Leanne Adkins, Leanna Banks, and Kara Pendleton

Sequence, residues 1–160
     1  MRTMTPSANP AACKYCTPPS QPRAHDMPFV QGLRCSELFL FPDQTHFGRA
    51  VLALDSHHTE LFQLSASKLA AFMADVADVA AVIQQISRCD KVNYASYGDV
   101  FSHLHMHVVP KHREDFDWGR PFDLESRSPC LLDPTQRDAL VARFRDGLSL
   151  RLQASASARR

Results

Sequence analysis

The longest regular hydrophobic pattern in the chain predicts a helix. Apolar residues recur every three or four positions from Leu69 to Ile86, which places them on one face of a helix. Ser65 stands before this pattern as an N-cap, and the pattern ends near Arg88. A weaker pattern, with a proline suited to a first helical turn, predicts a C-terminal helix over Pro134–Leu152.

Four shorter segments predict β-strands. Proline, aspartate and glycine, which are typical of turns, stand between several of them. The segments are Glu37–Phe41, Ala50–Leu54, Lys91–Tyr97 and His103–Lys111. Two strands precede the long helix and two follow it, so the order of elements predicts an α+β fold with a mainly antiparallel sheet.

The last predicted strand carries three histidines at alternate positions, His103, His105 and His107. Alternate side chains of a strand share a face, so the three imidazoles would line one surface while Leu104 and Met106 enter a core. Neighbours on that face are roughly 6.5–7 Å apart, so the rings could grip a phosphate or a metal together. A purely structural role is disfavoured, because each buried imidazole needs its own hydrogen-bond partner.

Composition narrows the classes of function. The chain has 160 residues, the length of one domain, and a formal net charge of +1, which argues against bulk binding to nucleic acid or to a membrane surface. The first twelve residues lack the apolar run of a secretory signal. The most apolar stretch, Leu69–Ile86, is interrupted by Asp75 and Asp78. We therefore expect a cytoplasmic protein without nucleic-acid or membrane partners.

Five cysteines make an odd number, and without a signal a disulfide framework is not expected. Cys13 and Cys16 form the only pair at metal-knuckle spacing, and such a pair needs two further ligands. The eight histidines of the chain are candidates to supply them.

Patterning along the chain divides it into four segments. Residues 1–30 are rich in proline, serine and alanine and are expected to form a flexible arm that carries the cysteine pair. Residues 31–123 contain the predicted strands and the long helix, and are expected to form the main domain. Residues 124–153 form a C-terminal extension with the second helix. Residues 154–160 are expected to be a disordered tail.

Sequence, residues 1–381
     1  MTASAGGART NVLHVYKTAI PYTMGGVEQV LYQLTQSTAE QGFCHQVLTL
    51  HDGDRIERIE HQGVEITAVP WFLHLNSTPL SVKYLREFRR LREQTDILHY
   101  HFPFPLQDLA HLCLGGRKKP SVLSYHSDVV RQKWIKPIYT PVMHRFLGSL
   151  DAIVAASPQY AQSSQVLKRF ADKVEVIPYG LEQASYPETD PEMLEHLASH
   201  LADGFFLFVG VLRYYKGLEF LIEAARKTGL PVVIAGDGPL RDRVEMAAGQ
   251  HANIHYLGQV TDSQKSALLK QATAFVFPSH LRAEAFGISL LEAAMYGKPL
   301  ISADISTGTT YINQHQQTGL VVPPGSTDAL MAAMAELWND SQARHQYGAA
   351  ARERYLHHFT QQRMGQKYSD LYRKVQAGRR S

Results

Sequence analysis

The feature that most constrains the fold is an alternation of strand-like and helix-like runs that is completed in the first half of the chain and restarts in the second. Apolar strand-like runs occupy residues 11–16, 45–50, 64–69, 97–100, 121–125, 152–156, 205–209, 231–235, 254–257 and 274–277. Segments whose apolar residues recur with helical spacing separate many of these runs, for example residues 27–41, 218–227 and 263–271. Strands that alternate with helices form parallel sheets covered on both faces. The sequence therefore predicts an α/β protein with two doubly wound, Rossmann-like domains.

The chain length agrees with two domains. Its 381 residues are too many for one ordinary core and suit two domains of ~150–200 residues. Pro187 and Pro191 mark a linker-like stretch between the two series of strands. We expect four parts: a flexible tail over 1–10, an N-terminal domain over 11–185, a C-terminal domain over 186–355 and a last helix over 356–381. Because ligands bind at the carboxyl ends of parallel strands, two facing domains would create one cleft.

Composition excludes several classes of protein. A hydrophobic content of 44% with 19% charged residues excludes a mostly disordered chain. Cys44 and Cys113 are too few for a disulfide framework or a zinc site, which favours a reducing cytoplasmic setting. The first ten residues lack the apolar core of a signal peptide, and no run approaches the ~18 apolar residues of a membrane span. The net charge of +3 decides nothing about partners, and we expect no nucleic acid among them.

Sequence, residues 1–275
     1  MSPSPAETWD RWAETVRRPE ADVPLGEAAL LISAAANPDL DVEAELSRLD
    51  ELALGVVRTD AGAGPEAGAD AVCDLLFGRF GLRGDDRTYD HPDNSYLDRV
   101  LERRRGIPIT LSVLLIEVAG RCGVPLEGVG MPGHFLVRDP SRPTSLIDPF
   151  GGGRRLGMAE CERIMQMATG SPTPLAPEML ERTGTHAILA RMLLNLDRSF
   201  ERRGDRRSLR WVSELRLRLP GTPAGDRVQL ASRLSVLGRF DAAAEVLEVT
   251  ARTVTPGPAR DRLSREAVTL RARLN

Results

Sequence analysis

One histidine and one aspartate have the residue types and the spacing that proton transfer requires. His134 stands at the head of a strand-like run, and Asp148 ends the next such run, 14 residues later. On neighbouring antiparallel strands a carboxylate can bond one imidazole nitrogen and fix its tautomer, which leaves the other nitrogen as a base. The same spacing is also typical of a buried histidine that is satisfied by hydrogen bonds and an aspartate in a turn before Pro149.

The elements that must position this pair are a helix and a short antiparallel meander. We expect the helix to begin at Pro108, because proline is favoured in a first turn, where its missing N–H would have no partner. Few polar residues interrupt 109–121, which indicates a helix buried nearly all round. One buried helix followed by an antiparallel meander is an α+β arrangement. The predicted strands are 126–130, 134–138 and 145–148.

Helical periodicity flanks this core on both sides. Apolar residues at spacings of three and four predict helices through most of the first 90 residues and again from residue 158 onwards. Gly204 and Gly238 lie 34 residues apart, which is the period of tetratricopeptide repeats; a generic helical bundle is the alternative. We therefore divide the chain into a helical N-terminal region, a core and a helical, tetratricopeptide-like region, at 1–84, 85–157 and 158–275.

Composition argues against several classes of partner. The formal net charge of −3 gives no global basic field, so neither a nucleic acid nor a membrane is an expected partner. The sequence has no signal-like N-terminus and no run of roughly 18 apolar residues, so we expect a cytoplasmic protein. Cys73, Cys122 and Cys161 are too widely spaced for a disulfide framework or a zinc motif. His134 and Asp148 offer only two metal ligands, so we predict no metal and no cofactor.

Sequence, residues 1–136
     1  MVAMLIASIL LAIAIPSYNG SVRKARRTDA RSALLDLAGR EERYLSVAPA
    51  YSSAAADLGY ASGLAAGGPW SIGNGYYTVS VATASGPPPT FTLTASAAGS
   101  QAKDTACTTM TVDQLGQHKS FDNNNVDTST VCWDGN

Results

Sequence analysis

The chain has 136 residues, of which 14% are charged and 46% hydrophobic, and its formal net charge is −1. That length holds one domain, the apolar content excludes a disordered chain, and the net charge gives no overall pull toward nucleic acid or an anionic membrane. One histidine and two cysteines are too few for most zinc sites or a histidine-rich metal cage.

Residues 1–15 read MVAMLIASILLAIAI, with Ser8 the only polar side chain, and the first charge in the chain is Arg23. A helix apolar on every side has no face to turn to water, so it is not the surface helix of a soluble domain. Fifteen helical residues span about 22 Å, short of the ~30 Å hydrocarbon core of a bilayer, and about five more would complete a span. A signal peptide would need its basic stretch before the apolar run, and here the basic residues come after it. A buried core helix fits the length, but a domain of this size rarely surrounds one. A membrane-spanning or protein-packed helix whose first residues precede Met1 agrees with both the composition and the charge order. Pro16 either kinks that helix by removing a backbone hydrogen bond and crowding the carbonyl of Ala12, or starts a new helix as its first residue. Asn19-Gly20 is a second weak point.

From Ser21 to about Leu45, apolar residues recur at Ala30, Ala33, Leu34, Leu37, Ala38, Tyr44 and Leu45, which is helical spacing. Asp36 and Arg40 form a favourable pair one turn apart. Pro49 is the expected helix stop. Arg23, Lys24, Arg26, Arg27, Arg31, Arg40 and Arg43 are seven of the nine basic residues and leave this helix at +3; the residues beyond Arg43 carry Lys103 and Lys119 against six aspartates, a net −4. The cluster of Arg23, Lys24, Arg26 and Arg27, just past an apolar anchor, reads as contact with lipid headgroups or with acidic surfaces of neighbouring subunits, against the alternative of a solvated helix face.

Topic Dates Taught Dates Assessed Understand numbers, ways of representing numbers, relationships among numbers, and number systems The student should be able to:• develop meaning for fractions, decimals, percents (greater than 100 and less than 1) and ratios. • compare, order, and represent numbers in equivalent forms through 1,000,000,000 and ten-thousandths (e.g., models, diagrams, symbols, and on a number line.) • develop an understanding of place value of large numbers (up to 1 billion) and small numbers, decimals ( to ten-thousandths) and integers. • use prime, composite, prime factorization, multiples, factors, estimation, and divisibility rules to solve problems. • develop meaning of ratio (describe and compare 2 sets of data using ratios and appropriate notations: 3:5, 3/5, 3 to 5.) Understand meanings of operations and how they relate to one another The student should be able to:• understand the meaning and effects of operations with whole numbers, fractions, decimals, and with introduction to integers (e.g., initially understand the use of integers for noting relative changes or values .) • use the properties of operations (associative, commutative, and distributive) to simplify computations with fractions, decimals, and initial use with integers. • develop meaning for the inverse relationship of operations to solve problems (addition and subtraction, multiplication and division, squaring and finding square roots.) Compute fluently and make reasonable estimates The student should be able to:• develop a variety of appropriate methods (e.g., mental math, calculators/computers, paper and pencil) to estimate and compute using large and small quantities (from 1 billion to ten-thousandths) including fractions, decimals, and initial use of integers. • develop fluency when completing algorithms with fractions, decimals, integers, and rational numbers, and judge the reasonableness of the answer. • develop and use strategies for solving problems which involve ratios, proportions, and percentages (greater than 100% and smaller than 1%.)